Growth factors, muscle function and doping.

Departments of Surgery, Anatomy and Developmental Biology, Royal Free and University College Medical School, University of London, Rowland Hill Street, London NW3 2PF, UK.
Current Opinion in Pharmacology (Impact Factor: 5.44). 07/2008; 8(3):352-7. DOI: 10.1016/j.coph.2008.02.002
Source: PubMed

ABSTRACT Recently much interest has been shown in developing a treatment of muscle wasting associated with a range of diseases as well as in ageing, which are major medical and socioecomonic problems. Emerging molecular techniques have made it possible to gain a better understanding of the growth factor genes involved and how they are activated by physical activity including the IGF-I gene that can be spliced to give rise to different isoforms, one of which is called MGF that activates muscle progenitor cells that provide the extra nuclei required for muscle hypertrophy, repair and maintenance. This fact that MGF 'kick starts' the hypertrophy process clearly has potential for abuse and has already attracted the attention of body builders.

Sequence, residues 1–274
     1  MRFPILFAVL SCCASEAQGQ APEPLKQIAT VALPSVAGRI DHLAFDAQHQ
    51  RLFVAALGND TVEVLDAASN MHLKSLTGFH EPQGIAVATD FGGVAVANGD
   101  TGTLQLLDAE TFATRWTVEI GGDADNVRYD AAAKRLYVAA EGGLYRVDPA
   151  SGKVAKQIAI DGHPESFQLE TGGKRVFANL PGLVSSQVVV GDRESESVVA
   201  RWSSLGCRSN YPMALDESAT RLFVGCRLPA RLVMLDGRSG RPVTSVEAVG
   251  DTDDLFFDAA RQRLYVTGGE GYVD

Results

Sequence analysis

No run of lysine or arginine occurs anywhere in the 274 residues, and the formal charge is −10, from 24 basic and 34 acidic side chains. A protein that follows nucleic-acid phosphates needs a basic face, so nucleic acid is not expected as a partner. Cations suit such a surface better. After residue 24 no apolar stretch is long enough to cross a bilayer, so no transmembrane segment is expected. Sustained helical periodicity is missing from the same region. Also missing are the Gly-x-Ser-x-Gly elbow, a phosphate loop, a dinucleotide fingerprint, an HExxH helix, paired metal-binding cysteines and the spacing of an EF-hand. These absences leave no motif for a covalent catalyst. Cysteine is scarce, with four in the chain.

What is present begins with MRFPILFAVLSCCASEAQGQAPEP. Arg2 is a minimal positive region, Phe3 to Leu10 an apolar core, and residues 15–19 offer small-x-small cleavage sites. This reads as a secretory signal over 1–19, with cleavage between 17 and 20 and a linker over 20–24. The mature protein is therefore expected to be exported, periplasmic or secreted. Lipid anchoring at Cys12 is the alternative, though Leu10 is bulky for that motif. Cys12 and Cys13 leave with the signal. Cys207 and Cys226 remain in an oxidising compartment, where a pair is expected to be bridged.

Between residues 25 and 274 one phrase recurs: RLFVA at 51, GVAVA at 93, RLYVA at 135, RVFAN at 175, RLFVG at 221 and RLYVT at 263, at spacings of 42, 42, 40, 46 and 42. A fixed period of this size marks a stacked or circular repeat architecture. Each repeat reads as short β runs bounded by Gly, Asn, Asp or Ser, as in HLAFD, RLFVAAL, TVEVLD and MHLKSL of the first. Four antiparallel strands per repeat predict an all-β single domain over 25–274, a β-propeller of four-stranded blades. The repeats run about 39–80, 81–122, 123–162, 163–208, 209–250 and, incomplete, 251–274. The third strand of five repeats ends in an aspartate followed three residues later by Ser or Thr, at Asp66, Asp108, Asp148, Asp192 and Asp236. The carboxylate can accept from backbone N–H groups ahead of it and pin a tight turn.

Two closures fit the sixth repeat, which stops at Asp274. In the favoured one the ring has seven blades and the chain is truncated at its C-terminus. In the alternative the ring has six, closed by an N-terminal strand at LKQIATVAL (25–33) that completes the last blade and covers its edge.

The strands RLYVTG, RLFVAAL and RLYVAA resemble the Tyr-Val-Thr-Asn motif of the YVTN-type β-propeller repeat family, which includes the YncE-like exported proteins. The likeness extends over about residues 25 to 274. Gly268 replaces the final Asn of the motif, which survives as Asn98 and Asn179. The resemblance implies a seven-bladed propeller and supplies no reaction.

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    ABSTRACT: In rehabilitation, immobilization of skeletal muscles in the elongated position is performed as a countermeasure in order to reverse the effects of severe muscle shortening and postoperative events. The return to normal functional activities is believed to stimulate mechanotransducers capable of reorganizing the normal muscle cytoarchitecture, but few data describing the histopathological changes relating to these procedures are available in the literature. To assess and quantify histological abnormalities induced by immobilization of the extensor digitorum longus (EDL) muscle in elongation and to compare them with free movement of the animal after this procedure. Eighteen female Wistar rats were used, divided into the following groups: Control; Immobilized in plantar flexion (EDL in an elongated position) for 14 days (GI); Immobilized for 14 days and released for 10 days (GIL). EDL fragments were frozen, sectioned and processed through immunohistochemical reactions for collagens I and III and histochemical methods for myofibrillar adenosine triphosphatase using hematoxylin-eosin. GI animals presented slight increases in collagen I and fiber expression in a degenerative/necrotic process, and reductions in the proportion of FT2A fibers and in the diameters of all fiber types, compared with the controls. In GIL, the quantity of collagen I returned to control conditions; the proportion of FT2D decreased; the number of centralized nuclei increased; and the fiber diameter was smaller than in GI. However, FT2B and FT2D expression did not reach the reference values. The data presented show that the recovery of function over a 10-day period was partially efficient with regard to recuperation of the characteristics of the EDL muscle after the period of immobilization. If the data are extrapolated to physiotherapeutic clinical practice, use of procedures directed towards primary dysfunctions of the muscle may favor a morphofunctional response in the segment and its full recovery.
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